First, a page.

Earlier this year, CT reported on the sexual abuse and spiritual manipulation of Jean Vanier, who violated at least 25 adult women without disabilities over nearly a 70-year period, and did so “during prayer and spiritual devotion.”
A few weeks ago, Hohn Cho came forward about how elders at Grace Community Church mishandled treatment of women who were abused by their husbands. These names and institutions have been circulated among evangelical communities, among a list of other abusers that have been accused over the past several years.
In some accounts of sexual abuse cases, the story presented to the world is about the abuser rather than the act of courage it took for the survivor to step forward—sometimes for the sake of the survivor’s privacy and safety. But that’s not the case when it comes to the recent film Women Talking, written and directed by Sarah Polley (spoilers ahead).
Polley’s film centers on a group of eight women in a religious community left in the wake of sexual violence. The film is adapted from a book with the same title released in 2018 by Miriam Toews. In the book, the author imagines what could have taken place during an egregious yet true event that happened in a Bolivian Mennonite colony back in 2009—in which over a hundred women and girls, including children as young as five years old, were drugged with animal tranquilizers and systematically raped by men in the colony.
Throughout the film, the focus stays on the women who were abused. The stylistic choices of the film are sensitive to the topics at hand and aim to keep the survivors’ stories, dignity, and emotions at the center of the narrative. According to Polley, “We never showed the assaults. We don’t go deep into that. What we go into is the recovery and the healing and the conversation.”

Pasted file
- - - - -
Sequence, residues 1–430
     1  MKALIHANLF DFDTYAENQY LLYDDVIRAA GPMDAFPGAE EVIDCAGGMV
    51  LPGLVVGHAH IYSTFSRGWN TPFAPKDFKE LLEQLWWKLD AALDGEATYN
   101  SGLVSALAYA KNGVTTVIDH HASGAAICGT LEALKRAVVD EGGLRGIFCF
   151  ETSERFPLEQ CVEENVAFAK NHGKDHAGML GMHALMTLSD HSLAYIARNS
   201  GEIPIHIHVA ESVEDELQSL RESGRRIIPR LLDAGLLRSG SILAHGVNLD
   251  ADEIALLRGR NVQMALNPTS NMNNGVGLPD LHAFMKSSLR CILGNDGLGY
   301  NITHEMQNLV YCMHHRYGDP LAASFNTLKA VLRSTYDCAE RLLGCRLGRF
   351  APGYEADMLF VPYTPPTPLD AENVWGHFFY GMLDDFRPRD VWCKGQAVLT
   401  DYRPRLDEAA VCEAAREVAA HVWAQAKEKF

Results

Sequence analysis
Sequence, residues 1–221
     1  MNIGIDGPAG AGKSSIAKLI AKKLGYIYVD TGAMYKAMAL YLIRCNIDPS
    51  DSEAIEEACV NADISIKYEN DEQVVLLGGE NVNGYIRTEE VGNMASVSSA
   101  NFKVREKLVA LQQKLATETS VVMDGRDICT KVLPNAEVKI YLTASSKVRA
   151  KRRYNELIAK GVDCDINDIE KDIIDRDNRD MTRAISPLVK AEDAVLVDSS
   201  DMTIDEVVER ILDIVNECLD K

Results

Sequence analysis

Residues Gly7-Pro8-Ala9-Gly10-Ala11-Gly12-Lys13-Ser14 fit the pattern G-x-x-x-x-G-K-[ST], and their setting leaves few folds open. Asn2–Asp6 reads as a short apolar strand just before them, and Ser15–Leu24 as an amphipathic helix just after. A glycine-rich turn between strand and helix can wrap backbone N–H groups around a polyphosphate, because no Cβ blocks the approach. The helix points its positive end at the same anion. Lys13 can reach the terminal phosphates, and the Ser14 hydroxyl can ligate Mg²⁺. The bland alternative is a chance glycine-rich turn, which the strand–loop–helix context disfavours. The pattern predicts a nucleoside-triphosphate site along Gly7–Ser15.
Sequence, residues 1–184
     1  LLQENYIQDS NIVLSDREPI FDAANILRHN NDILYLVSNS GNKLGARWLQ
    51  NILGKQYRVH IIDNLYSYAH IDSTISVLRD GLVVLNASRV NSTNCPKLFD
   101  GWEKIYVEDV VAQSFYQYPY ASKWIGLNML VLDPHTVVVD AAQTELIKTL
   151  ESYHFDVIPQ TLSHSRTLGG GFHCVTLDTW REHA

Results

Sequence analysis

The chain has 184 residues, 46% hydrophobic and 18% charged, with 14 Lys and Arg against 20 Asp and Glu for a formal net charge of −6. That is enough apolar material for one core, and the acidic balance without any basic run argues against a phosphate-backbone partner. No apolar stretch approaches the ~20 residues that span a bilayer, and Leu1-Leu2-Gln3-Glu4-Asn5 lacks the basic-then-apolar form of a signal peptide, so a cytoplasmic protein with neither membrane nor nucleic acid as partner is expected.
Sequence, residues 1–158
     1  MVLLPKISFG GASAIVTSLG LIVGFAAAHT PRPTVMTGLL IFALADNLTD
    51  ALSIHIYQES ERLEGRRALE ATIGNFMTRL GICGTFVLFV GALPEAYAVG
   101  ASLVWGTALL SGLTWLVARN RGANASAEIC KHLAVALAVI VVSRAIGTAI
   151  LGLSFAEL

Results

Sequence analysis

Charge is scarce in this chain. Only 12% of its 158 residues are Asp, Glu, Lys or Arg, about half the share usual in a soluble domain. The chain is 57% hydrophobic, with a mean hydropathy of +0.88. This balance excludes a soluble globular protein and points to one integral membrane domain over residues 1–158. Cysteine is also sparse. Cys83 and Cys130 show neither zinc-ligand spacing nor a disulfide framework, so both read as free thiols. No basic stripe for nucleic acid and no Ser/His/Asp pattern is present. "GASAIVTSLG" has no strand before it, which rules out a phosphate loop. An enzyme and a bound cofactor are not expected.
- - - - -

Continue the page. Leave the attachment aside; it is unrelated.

The filmmakers do not include any faces of any of the abusers, and only one of the abusive men is named. This is a deliberate detail to keep the survivors in the center of the story, especially in contrast to how abusers’ names are the ones so often repeated in mainstream media. This is also a distinct element to the film adaptation, omitting these details from the book.
Instead, Women Talking invites us to witness the thoughts, emotions, and responses of those who were abused. We get the rare opportunity to see a glimpse into the world of survivors, to empathize and sympathize with those harmed—and more importantly, to witness them process their faith amid spiritual manipulation.
The abusers led the women to believe they were possessed by ghosts or demons. As the narrator, who is cast as the voice of one of the survivors, said: “They told us that it was Satan. Or the result of wild female imagination.”
While the true events took place in Bolivia, the film was shot in Canada. Polley’s goal was to make the events portrayed in the movie feel as if they could have happened at any time or in any place—since the film’s focus was not so much on the setting but on the conversation and the exchange of ideas.
In an interview on the Scriptnotes podcast, the director states that she “wanted it to be timeless. I didn’t want people to be able to pin these issues which we’re dealing with in every patriarchal society to some degree or another on this obscure, already misunderstood community.”
This movie could not come at a more opportune time for those in the Christian community, as we are being bombarded by stories of sexual abuse at the hands of spiritual leaders.
When asked about why she made the film, Polley said, “I [make films] because I feel like I have to and it’s urgent. I hadn’t felt like that about anything in a really long time. I felt like that about this book and working with these people.”